Lisa Wilkinson carries one item in her handbag that makes her feel safe at night.

lisa wilkinson whistle

 

Lisa Wilkinson knows what it’s like to feel unsafe on our streets.

In the wake of Eurydice Dixon’s rape and murder, The Project host delivered a powerful message about rape culture and victim blaming in Australia.

“If you’re a woman in 2018, you’ll be familiar with this advice,” Wilkinson said.

“There’s so much advice and so many rules about what we should do and what we shouldn’t, it’s hard to keep track of just how we should keep ourselves safe.”

“If one woman doesn’t walk at night, that one woman won’t be attacked. But the problem with giving this advice is that it keeps that one woman safe at the expense of all women’s right to move freely,” she said.

Lisa Wilkinson’s powerful message about rape culture…

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Now Wilkinson, 58, has told Confidential she “feels unsafe often” and carries an item with her everyday, in an effort to feel safer.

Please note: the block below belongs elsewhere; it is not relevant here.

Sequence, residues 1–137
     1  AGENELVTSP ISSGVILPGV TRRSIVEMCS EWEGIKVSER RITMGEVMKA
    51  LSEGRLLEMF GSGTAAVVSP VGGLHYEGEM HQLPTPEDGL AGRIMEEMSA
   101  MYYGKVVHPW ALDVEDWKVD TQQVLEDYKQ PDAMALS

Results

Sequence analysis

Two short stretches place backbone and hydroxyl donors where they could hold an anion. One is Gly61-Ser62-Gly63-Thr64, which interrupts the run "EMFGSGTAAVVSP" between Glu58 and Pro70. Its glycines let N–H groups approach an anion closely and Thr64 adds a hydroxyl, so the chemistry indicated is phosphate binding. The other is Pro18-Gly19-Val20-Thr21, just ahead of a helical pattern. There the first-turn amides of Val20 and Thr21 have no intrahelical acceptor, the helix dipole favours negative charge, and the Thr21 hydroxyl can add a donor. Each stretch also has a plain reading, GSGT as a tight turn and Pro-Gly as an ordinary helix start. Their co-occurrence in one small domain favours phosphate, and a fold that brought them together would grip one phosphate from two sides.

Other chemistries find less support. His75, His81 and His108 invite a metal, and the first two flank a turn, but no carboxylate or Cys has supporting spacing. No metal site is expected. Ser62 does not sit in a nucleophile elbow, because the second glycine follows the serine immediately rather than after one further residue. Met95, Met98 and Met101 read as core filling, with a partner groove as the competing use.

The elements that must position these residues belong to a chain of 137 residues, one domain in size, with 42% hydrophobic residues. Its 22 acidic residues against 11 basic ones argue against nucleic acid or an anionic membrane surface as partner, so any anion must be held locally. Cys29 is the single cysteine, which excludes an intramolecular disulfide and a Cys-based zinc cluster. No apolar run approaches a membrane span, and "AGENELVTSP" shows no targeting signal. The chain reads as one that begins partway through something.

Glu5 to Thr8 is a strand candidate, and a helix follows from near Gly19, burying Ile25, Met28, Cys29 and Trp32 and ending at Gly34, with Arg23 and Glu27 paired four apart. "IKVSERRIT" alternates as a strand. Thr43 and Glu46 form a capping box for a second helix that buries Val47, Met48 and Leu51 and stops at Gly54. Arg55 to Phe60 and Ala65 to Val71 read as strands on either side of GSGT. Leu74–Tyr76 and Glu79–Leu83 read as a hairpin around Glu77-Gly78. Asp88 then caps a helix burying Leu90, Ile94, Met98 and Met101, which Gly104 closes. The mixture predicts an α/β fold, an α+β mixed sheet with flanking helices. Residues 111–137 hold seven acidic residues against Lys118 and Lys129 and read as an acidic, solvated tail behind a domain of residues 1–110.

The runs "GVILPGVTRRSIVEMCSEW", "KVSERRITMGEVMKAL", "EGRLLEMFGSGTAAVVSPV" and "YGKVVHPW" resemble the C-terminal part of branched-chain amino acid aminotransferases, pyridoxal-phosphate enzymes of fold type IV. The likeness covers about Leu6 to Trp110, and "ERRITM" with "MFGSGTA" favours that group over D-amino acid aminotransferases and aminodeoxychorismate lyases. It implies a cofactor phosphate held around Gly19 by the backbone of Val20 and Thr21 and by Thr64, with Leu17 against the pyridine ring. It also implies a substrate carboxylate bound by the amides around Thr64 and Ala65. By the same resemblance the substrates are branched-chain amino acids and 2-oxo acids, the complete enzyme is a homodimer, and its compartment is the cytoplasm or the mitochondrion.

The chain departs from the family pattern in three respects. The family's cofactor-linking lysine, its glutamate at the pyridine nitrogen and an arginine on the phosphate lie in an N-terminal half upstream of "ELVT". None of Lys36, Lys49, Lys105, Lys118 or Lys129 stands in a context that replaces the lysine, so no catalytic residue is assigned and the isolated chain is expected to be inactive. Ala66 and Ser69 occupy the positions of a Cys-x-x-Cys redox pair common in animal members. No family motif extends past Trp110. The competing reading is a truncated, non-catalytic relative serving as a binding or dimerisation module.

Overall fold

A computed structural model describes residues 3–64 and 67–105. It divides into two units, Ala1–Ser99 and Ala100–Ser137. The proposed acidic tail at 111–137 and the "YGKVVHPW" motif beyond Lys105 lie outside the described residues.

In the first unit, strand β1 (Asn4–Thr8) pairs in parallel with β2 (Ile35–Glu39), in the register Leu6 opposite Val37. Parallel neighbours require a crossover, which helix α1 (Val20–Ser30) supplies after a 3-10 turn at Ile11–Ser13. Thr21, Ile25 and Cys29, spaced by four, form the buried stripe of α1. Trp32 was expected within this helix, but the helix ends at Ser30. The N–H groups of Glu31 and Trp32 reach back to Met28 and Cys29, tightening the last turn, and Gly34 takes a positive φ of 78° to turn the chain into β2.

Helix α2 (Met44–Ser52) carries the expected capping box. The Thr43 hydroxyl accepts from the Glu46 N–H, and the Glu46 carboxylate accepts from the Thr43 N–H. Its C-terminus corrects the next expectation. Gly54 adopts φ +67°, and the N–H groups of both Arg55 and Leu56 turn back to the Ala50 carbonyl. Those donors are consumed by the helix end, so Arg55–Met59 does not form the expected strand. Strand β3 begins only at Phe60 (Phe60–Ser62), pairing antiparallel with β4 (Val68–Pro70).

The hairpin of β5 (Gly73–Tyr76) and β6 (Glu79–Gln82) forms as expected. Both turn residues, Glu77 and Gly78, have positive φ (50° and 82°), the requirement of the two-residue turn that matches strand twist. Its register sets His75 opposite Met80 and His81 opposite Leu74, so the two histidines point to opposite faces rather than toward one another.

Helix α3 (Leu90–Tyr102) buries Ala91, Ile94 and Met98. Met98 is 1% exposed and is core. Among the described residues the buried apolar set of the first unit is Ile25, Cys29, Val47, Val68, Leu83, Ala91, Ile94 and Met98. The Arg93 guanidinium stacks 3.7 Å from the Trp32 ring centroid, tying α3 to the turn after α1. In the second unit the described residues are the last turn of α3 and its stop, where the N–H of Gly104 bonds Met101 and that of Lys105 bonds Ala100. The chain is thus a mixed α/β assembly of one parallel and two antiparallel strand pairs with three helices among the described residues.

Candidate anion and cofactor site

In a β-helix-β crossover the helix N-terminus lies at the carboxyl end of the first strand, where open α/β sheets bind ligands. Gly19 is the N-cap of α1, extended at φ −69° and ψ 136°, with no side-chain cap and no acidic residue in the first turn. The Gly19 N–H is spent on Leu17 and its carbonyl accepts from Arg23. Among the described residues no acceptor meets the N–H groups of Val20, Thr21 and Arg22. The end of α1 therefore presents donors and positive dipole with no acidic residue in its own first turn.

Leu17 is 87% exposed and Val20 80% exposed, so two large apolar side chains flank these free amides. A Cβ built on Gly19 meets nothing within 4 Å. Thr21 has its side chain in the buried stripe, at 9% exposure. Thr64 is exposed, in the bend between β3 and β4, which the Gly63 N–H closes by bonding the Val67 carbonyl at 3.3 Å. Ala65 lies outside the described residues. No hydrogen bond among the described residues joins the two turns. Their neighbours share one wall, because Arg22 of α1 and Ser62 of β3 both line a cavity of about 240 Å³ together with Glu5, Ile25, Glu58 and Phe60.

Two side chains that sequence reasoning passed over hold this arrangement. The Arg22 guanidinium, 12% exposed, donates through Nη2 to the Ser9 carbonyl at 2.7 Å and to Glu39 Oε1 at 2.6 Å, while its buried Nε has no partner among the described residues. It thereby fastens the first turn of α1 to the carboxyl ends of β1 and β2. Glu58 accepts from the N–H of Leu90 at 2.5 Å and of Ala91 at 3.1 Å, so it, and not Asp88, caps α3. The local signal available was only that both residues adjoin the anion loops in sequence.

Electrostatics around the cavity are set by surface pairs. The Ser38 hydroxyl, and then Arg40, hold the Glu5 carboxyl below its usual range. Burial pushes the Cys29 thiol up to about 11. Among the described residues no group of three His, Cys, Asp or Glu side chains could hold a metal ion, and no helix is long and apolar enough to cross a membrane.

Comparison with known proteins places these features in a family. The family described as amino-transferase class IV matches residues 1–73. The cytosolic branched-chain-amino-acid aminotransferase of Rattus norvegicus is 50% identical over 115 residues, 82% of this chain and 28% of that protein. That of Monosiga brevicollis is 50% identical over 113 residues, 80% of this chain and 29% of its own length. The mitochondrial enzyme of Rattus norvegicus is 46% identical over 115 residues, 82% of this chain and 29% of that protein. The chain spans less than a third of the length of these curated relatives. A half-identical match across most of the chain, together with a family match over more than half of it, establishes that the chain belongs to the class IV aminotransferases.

“When I was parking at the supermarket the other night, it was 11 o’clock and I was going to park in a spot that was really convenient but it was dark so I went to a spot that was further away with a lot more lighting.

“I got out of the car, I had my keys splayed between my fingers and I have a whistle on my key ring.

“I’ve never had to use it but this is all about that one moment when you might be the one that gets picked, because every single one of those women whose names we know like Eurydice Dixon — all of those women were chosen at random.”

During her emotional speech on The Project, Wilkinson suggested that instead of telling women to take responsibility for their safety, we should be talking to men and boys instead.

“The best way to prevent this crime and keep all women safe isn’t by changing the behaviour of women but by changing the behaviour of men,” she said.

“Instead of telling girls not to walk through parks, maybe we should tell our boys not to rape them.”

Wilkinson also opened up about her fears for her 20-year-old university student daughter.

“Every time she has to walk across campus, if it’s later at night, she calls me, and I’ve always said to her, ‘Call me at any time so that you can feel safe’ because we’ve had the discussion,” she said.

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